This government shutdown ignores massive problems threatening America's future

I wish I were shocked by the ongoing shutdown of the federal government. I wish I were surprised by the inability of both sides to see past their political bases to achieve a responsible solution and compromise. After recently serving in the Senate, however, I am neither shocked nor surprised.

As concerned as I am about the impasse preventing the government from fully functioning, I am even more concerned about what it means for addressing the systemic issues that certainly will cripple America's future. If compromise cannot be reached on border security and immigration, what hope do we have that our current leaders will tackle the tough issues of debt and deficit, health care, retirement security, and infrastructure?

Anyone who understands the economic concept of opportunity cost knows that delay in addressing these challenges will greatly limit the potential range of solutions.

We cannot continue to hand our children and grandchildren an excessive credit card bill from our generation's reckless spending. The national debt is over $22 trillion and getting dangerously close to exceeding our annual GDP. If the debt is left unchecked, interest on the debt will exceed expenditures on national defense by 2023 and all domestic discretionary spending by 2025. Today, per capita national debt exceeds $67,000 with no end in sight to the growth.

Health care, a great driver of the national debt, is increasingly challenged by inefficiencies and demographics. The U.S. per capita expenditure on health care is nearly $10,000, which is double the Organization for Economic Cooperation and Development median expenditure of $4,033. According to estimates from health care experts, inefficiencies account for health care overspending of about 30 percent.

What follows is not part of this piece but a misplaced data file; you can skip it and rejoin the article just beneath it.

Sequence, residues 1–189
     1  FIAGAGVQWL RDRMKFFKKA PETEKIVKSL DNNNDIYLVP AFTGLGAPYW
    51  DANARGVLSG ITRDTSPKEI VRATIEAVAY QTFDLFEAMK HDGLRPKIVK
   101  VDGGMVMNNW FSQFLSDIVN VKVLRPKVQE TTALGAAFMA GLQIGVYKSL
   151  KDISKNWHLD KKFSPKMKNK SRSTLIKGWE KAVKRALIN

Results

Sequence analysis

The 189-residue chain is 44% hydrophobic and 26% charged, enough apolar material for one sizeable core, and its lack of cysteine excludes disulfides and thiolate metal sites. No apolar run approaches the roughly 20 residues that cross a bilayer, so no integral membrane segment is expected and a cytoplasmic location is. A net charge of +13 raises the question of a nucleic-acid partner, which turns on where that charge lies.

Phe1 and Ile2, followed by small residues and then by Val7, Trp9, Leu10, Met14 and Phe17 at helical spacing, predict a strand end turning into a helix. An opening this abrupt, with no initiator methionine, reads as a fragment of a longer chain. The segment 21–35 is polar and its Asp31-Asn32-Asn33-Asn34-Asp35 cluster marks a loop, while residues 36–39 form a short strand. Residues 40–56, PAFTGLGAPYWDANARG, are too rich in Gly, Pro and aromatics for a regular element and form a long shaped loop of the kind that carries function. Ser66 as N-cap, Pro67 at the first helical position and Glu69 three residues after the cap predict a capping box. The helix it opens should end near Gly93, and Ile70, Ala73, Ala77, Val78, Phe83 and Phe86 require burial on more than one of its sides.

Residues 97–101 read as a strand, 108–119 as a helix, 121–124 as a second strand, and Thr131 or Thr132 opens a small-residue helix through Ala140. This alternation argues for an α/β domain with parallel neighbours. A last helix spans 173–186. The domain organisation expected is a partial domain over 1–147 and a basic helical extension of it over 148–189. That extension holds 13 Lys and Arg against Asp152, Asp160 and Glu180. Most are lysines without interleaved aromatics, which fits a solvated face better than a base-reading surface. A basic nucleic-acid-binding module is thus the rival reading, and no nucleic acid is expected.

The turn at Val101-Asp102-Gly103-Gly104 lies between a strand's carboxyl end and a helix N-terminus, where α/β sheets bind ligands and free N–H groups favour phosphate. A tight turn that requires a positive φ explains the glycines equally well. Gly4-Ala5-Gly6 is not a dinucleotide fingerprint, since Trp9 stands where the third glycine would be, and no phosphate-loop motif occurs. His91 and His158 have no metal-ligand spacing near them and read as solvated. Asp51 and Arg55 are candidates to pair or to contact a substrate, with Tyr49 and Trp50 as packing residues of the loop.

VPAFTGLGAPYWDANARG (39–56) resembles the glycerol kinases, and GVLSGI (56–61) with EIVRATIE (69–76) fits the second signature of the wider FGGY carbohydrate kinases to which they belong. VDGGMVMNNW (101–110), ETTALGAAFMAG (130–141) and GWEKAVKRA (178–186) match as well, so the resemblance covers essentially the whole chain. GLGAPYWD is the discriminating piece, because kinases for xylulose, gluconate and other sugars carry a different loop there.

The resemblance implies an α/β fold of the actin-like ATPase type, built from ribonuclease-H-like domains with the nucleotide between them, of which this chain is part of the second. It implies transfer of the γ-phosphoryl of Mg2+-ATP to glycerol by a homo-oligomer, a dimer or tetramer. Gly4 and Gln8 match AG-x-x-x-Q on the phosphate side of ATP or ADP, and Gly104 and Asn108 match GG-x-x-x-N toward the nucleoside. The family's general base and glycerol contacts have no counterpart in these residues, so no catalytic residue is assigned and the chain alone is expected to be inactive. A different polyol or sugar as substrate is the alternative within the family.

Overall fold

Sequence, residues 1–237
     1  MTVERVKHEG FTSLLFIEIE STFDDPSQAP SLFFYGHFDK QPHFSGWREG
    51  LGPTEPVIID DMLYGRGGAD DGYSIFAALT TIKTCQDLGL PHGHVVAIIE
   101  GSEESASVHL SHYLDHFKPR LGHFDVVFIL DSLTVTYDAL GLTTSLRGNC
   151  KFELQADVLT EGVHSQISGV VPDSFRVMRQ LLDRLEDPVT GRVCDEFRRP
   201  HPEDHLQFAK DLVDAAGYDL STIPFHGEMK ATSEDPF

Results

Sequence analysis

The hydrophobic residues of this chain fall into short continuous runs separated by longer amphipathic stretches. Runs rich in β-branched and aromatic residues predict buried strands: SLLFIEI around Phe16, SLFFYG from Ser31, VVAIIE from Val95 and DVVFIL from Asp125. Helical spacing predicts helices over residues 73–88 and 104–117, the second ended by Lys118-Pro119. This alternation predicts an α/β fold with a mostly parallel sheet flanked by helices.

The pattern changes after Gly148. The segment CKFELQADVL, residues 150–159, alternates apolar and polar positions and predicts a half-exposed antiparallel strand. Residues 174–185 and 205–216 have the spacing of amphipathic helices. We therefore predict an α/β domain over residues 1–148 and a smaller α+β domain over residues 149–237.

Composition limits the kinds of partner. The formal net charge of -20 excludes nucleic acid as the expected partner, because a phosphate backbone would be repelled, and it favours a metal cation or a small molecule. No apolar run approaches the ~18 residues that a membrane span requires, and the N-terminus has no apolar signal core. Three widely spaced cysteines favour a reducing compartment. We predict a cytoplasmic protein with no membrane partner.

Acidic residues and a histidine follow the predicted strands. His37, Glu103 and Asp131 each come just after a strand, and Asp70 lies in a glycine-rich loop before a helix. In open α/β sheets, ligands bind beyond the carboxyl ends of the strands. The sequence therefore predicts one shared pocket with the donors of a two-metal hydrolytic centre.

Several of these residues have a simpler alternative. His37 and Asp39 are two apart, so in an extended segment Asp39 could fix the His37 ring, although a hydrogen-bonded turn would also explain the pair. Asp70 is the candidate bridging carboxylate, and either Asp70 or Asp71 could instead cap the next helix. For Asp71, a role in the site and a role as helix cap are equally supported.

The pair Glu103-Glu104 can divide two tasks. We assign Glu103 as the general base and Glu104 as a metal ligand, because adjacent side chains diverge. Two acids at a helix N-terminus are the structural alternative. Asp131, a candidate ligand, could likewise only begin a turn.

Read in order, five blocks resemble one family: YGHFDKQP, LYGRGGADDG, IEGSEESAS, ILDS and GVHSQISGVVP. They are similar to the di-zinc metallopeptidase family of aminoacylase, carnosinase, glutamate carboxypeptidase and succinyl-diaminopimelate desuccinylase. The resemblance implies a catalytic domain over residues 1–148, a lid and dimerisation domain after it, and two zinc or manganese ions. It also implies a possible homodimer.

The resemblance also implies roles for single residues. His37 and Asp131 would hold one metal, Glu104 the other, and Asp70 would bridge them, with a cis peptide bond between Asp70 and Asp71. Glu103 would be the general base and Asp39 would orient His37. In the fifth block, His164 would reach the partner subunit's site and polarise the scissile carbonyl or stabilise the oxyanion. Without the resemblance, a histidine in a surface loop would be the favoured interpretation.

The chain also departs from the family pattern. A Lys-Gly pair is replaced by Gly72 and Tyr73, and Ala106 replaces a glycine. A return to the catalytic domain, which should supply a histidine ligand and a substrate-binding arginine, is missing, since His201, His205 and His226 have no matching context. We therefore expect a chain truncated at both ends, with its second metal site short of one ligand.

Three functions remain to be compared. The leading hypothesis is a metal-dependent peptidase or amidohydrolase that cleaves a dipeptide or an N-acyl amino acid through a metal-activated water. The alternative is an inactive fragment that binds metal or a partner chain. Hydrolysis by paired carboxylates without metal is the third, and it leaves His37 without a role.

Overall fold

We must make health care more affordable so that it works for young and old. Demographic trends demonstrate real potential for a collapse in our health-care system because spending on the elderly is disproportionately high. Americans age 65 and older, about 15.2 percent of the population today, are projected to be 21.7 percent of the population by 2040. About 6.4 million Americans are 85 years old and older, but that number will more than double to 14.6 million in 2040.

The aging of America further challenges the retirement system. An alarming 68.3 percent of individuals aged 55 to 64 do not have retirement savings even equal their annual income. A hundred million working age individuals do not own any retirement account assets. In the next 20 years we will see a dramatic increase in the number of Americans who will rely only on Social Security for retirement income.

A reasonable response would be to ask Americans to save more, but four in 10 adults acknowledge that they do not have the cash to pay for an unexpected $400 expenditure. Consumer debt is at record levels with credit card debt exceeding $1 trillion.

On top of these critical challenges, we are failing to meaningfully address the ongoing economic risks of a failing infrastructure, the potential of a global pandemic, catastrophic cyber attacks, climate change, and the addiction crisis in America.

If this current shutdown "crisis" illustrates anything, it's the unfortunate and obvious truth that if there is no political courage to address the straightforward issue of border security, there is no hope that our leaders will meaningfully address the very real economic threats facing the future of our country. For all the dysfunction in the current headlines, the real crisis is the failure to address today the real challenges that will affect our children tomorrow.

Right now, more than ever, our country needs elected officials to step up, put ideology aside and work together.

Heidi Heitkamp, a CNBC contributor, represented North Dakota for six years in the U.S. Senate. During her tenure on the Senate Committee on Banking, Housing, and Urban Affairs, she pushed to reform the nation's housing finance system, make housing more affordable, and provide relief to small financial institutions.

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